Can we get a 2 hour delay tomorrow so I can spend more time with my kids? The first 2 days of the week were great days spent with them.
Wiley shows the data if you cant afford to raise children dont have them. Problem with that equation is we live in a free country and this cannot be restricted.
I for one enjoy my freedoms as a US citizen. What I dont like is funding all these welfare handout society programs with my hard work. Keith W. Hurley

Unknown said...


Here's a video of rats eating their young.

Bolyn McClung

Philip said...

Here's a radical thought - how about if you are a family who receives gov't assistance you must successfully complete a series of Pre-school basics classes WITH your child before your child can be admitted into a public Kindergarten program. This is no joke. It's the least bit of accountability that families receiving assistance from the federal and state governments can and should do.

Anonymous said...

I've been saying this for years - parents need to be held accountable! The answer always we can't make anyone do anything! Really? However, if I don't get my children to school I can go to jail; but, if I drop them off and do NOTHING else, that's OK. There needs to be a paradim shift in this country, WE ARE ALL ACCOUNTABLE, ALL OF US for our actions or non-action. Until there is a 'cost' for not being responsible it does not matter how much money, curriculums, testing we throw at it - it will not improve.

Anonymous said...

1:57 you have captured it well. Zero Accountability= No Resposibility. Someone else will clean up my mess ! Keith W. Hurley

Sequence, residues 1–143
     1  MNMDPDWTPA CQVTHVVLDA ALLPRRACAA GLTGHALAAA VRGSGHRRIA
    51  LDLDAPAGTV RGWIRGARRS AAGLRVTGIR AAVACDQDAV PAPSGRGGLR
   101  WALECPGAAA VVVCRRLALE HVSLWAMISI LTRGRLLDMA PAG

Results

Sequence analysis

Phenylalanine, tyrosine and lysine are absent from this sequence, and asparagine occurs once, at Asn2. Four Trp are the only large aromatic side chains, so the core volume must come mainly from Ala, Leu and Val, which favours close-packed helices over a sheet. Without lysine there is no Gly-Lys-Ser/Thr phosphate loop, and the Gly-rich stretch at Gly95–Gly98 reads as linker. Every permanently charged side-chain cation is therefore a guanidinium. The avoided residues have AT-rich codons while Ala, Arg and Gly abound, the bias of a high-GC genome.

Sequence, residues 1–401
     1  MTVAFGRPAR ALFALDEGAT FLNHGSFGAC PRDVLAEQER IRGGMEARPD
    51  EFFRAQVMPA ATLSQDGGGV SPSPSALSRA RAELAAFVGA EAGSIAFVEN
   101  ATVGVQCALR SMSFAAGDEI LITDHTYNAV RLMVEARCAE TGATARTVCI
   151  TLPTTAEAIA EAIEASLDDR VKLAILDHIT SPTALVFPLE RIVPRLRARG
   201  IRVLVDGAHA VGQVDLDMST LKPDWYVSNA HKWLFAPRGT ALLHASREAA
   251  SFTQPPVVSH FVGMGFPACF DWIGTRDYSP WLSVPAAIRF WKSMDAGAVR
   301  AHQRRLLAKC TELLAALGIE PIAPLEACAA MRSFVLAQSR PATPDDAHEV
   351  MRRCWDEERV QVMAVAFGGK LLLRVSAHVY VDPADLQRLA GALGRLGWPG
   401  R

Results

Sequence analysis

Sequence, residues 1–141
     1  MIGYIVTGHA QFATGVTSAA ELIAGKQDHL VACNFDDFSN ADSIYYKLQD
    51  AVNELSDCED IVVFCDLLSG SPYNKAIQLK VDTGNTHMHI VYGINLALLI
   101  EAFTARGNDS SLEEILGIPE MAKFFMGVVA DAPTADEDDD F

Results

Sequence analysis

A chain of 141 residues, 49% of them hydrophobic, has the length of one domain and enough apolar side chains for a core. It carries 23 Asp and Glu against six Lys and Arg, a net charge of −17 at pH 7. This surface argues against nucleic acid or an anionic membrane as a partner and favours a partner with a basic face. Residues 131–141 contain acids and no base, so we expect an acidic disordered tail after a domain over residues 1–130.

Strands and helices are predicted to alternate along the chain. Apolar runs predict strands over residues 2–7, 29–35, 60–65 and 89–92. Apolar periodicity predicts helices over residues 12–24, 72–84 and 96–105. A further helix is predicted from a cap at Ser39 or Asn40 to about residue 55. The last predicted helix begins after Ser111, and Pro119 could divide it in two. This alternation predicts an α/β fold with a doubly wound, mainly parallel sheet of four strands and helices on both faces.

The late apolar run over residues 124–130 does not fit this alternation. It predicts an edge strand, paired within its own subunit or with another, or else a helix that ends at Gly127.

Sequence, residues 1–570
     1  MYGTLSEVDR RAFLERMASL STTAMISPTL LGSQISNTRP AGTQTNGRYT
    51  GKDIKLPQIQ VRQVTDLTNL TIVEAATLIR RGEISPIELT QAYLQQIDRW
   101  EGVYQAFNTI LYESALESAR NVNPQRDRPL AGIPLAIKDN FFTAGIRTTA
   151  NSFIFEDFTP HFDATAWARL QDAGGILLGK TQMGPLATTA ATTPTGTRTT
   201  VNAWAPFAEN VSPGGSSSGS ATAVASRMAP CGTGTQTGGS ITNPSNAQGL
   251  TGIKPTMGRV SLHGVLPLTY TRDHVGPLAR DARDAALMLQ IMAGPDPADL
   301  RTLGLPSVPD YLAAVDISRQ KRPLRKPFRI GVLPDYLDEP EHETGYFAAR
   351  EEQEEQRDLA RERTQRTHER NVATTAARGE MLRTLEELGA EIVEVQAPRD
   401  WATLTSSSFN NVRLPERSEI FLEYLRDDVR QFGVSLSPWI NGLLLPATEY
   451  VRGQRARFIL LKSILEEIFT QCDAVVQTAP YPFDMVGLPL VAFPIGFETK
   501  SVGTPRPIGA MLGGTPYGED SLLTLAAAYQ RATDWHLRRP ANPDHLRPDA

Anonymous said...

Philip 1:36, Most agree that something needs to be done and requiring parents to be active participants in their childrens' education should be expected. No more excuses.

Anonymous said...

"Breastfeeding rates in the U.S. still trail those of many other Western countries. In Norway and Sweden, for example, at least 97 percent of women are breastfeeding their babies when they take their babies home from the hospital.

Also disappointing are the ethnic and racial disparities in the CDC report. Between 2000 and 2008, the percentage of new mothers who initiated breastfeeding increased the most among black women (up from 47.4 percent to 58.9 percent). But their numbers still trailed those of white women (up from 71.8 percent to 75.2 percent) and Hispanic women (up from 77.5 percent to 80.0 percent). (The rise in the rate of breastfeeding among Hispanic women was considered statistically insignificant.)

“The consistently lower prevalence of breastfeeding among black infants warrants increased attention and action,” the CDC researchers note."

While we're on the subject of the benefits of licking rats, anyone care to take a guess what the breastfeeding rate is in Finland?


Anonymous said...

Just a thought...

On the topic of the correlation between poverty and student achievement:


"Consistent with previous research, there was a marked socioeconomic gradient in breastfeeding. Women with higher family incomes, those who had or whose partners had higher education levels, and women who had or whose partners had professional or executive occupations were more likely than their counterparts to breastfeed. After adjustment for many potential confounders, maternal and paternal education remained positively associated with breastfeeding, while income and occupation were no longer significant. Compared with other racial or ethnic groups, foreign-born Latina women were the most likely to breastfeed.


The significant association of maternal and paternal education with breastfeeding, even after adjustment for income, occupation, and many other factors, suggests that social policies affecting educational attainment may be important factors in breastfeeding".


Anonymous said...

O.K, I'll shut up after this last comment:

How many Project LIFT and Broad Foundation dollars are earmarked for women's health education?

Or, are those free little green laptops, teacher incentive rides in a limo with Dr. Morrison, and expanded standardized testing still expected to save the day?


Anonymous said...